Trump: No really, I wasn’t serious about doing health care before the election


Could’ve fooled his own allies. After getting pushback from Republicans on Capitol Hill over his sudden and unexpected pivot to health care, Donald Trump took to Twitter for the second straight day to deny he had any plans to fight ObamaCare this year. Trump pledges to replace ObamaCare, “but only after the Election when we take back the House etc”:

Why make the same declaration two days in a row? Last night, The Hill reported that Mitch McConnell went to Trump to get him to ixnay on the ealthcare-hay. It was that phone conversation, McConnell told reporters yesterday, that prompted Trump’s public retreat:

McConnell rejected a request from President Trump last week that Republican lawmakers prepare a comprehensive package, ending the debate and attempting to protect GOP senators up for reelection next year.

McConnell delivered the message to Trump in a phone conversation Monday afternoon.

“We had a good conversation yesterday afternoon, and I pointed out to him the Senate Republicans’ view on dealing with comprehensive health care reform with a Democratic House of Representatives,” McConnell told reporters on Tuesday.

“I made clear to him that we were not going to be doing that in the Senate,” McConnell said. “He did say, as he later tweeted, that he accepted that and he would be developing a plan that he would take to the American people during the 2020 campaign.”

Capitol Hill interventions on policy have become more necessary after Democrats took control of the House, the Washington Post reported this morning. Trump’s lack of discipline and strategic thinking has had Republican allies in Congress reeling, and their leaders have taken more of an assertive role in focusing Trump:

Trump surprised Republicans last week with a new pledge to replace the Affordable Care Act, only to backtrack Tuesday after being confronted with the realities of another all-consuming fight over President Barack Obama’s signature health-care law on Capitol Hill.

Trump has also sent aides and a large part of the federal bureaucracy scrambling to respond to his expansive vow to close the entire U.S.-Mexico border this week unless “ALL illegal immigration” is halted by Mexico. Alarmed lawmakers and business leaders warned that any such move would be catastrophic for the U.S. economy, and administration officials signaled Tuesday that they were seeking more-limited options to address a surge in migration at the border.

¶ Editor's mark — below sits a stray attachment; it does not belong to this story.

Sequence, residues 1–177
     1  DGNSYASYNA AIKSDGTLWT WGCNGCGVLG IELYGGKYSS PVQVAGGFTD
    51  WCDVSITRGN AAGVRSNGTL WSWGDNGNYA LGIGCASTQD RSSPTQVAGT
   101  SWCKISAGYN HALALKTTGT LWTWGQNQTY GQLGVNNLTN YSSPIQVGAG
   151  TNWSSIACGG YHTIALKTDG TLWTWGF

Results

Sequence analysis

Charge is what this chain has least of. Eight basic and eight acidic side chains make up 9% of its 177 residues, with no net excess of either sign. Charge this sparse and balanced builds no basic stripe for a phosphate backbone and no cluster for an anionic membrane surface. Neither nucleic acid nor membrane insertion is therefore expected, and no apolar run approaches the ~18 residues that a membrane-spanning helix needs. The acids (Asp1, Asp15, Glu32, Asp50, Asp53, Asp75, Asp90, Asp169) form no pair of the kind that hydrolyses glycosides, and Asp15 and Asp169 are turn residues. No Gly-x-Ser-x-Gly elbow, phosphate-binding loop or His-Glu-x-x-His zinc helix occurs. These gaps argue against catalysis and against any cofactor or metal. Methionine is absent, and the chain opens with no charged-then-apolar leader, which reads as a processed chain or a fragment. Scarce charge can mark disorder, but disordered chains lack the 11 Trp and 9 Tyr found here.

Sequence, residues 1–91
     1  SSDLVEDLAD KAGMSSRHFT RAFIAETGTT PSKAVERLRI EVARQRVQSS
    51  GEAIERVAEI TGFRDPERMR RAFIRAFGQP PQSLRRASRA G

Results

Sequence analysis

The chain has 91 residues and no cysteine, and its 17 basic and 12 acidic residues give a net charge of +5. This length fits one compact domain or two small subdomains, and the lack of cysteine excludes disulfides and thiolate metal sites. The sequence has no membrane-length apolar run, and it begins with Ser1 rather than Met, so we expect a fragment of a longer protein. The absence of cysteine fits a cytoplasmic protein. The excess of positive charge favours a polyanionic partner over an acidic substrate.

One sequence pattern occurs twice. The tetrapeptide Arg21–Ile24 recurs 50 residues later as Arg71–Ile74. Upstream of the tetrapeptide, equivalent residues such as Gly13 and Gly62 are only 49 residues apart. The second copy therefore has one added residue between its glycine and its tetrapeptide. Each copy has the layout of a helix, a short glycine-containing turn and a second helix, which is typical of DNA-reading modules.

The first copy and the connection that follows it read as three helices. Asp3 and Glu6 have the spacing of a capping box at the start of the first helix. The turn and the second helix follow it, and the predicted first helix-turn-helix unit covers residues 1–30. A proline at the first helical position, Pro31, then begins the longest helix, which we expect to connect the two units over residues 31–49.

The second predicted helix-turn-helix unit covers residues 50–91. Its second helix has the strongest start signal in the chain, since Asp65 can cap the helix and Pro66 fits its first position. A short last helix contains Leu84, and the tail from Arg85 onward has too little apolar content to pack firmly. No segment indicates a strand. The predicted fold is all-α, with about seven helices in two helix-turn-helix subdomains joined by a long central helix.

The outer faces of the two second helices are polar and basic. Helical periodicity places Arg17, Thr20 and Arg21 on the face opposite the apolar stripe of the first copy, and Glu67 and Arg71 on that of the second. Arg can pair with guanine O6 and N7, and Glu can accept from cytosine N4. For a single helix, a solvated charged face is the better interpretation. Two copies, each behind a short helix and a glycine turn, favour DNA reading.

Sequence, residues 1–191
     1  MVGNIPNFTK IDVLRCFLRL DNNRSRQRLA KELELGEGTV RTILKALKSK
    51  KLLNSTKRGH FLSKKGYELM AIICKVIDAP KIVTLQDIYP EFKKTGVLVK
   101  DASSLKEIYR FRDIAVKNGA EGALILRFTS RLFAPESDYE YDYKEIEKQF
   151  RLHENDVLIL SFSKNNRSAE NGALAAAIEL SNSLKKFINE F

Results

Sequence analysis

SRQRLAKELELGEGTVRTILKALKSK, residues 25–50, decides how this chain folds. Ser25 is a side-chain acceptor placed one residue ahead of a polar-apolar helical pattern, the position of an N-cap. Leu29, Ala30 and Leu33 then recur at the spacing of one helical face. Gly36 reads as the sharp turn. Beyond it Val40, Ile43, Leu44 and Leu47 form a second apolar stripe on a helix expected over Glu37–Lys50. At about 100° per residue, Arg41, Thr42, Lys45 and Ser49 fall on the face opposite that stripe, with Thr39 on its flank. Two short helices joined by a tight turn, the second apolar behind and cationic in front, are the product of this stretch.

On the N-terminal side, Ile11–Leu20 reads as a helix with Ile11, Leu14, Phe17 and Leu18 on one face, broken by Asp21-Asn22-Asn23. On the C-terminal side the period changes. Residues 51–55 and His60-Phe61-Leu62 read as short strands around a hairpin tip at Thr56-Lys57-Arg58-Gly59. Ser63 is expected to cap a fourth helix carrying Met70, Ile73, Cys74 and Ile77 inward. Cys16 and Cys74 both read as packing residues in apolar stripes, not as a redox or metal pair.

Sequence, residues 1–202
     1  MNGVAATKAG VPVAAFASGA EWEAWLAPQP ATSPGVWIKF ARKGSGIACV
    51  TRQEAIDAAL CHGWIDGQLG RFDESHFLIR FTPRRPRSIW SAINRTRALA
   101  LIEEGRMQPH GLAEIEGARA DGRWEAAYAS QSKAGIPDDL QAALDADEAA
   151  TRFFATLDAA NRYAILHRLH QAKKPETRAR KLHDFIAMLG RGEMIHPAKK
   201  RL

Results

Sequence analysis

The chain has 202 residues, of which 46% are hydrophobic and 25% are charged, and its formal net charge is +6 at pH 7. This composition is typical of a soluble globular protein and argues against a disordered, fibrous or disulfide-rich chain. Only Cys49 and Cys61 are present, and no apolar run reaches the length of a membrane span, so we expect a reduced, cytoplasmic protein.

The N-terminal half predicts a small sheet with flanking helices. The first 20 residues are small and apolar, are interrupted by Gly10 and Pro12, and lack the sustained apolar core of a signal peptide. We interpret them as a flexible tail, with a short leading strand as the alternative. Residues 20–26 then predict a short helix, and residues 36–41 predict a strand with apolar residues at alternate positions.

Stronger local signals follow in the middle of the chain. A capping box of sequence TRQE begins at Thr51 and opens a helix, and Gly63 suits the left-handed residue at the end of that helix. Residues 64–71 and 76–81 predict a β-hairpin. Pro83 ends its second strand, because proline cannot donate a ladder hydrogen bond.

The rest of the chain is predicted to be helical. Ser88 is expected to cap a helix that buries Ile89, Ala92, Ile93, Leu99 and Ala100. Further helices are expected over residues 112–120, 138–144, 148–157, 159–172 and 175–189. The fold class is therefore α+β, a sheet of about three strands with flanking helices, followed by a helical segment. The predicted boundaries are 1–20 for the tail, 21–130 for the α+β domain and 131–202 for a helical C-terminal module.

Even efforts on which the White House has worked closely with congressional GOP leaders have seen setbacks, such as a massive disaster funding bill that stalled Monday amid partisan sniping over aid to Puerto Rico. Trump has inflamed the fight by repeatedly denigrating the island’s leadership and implying that Puerto Rico — a U.S. territory — is separate from the United States.

The battles illustrate the difficulties Trump and Republicans have had in adjusting to Democratic control of the House after two years of uncontested GOP power in Congress and the White House. But many Republicans say they have adapted to the pandemonium — learning to privately sway Trump by warning him of the consequences of his policy declarations, many of which are launched in late-night or early-morning tweets.

The ObamaCare challenge couldn’t have come at a better time for Democrats. They were reeling from the Ilhan Omar scandals and Alexandria Ocasio-Cortez’ socialist cheerleading, and didn’t foresee Joe Biden walking into a #MeToo buzzsaw. They needed a change of narrative in their favor. Even though the media would have eventually given an assist by bringing up healthcare, Trump threw Pelosi a lifeline by refocusing attention on Democrats’ winning 2018 issue.

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Will the DoJ back off its court challenge to ObamaCare, though? It seems doubtful, as it pursues a legitimate line of argument about the law’s constitutionality. The Supreme Court can’t punt any longer by pretending it’s a taxation issue, either. It will take at least until next year to force it to that level, though, and it might take until after the election. If the White House keeps a low profile on the effort, they can avoid provoking it into a crisis with voters. Until the Supreme Court overturns it, though, there’s no point in having Republicans publicly propose replacements, because Trump can’t possibly get the votes now to repeal ObamaCare.

So yes, this intervention made a lot of sense. And if Trump has sense, he’ll keep mentions of ObamaCare to a minimum, especially while Democrats are self-immolating on anti-Semitism and socialism.

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